Well, yes. There is a very good chance 2024 could be a rematch of 2016. There is an increasing view that Biden won't run again and Harris is not up to it. The other candidates are not seen as viable. HRC has also making more noises about the Democrats needing to be centrist - likely to appeal if the Dems get hammered in November.

    For Trump, the dynamics are a little bit different. Most of the 'rising stars' on the Republican side are young enough to wait 4 years (DeSantis, Scott, Cruz if you want to include him). Far better to not p1ss Trump off, let him run again and hope for the VP pick, which puts you in pole position for 2028.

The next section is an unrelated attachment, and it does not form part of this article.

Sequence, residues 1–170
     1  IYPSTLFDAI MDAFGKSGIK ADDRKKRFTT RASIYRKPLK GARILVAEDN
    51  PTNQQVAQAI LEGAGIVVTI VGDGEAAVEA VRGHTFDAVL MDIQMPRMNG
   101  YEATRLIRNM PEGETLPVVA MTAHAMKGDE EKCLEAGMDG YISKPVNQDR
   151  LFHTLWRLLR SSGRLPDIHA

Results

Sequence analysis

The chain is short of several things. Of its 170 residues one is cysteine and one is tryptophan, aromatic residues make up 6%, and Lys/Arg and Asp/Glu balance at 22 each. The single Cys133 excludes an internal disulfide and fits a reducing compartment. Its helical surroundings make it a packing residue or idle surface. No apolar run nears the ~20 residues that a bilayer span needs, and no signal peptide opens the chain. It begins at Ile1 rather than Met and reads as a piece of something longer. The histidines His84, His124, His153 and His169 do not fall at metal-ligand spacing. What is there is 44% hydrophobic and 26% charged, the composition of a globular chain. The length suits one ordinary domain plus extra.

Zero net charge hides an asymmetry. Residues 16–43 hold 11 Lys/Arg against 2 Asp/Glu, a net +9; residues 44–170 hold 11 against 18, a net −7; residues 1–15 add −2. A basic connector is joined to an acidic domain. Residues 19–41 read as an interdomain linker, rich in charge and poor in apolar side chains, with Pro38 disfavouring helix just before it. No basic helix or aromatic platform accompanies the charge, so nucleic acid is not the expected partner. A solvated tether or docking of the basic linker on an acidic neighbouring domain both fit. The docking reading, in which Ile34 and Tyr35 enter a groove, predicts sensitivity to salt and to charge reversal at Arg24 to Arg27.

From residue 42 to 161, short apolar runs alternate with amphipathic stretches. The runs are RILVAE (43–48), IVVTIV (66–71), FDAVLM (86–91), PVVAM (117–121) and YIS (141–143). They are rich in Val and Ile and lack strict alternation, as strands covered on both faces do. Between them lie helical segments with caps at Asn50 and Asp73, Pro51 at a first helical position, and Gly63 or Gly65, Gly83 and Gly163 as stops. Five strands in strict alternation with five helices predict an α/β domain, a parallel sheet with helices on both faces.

There is not a 'very good chance' at all – that is ludicrous. What price would you give this 'very good chance'?
    Take a look at what has been happening with Hillary over the past few weeks.

    Price at the moment, I would probably give 8/1.
    So an 11% chance then?
    The betting price and the chance of it happening are not the same given the nomination is away, she is old and she has age issues.

    But, if you want a probably of it happening right now, I would say conservatively around 25%. If the Democrats get hammered in November, that rises. She is positioning herself as the candidate to push the Democrats back to the centre and there is no other possible candidate who is coming out with that at the moment, in part because they are locked into the messaging of the Democrats' agenda because they hold various official posts.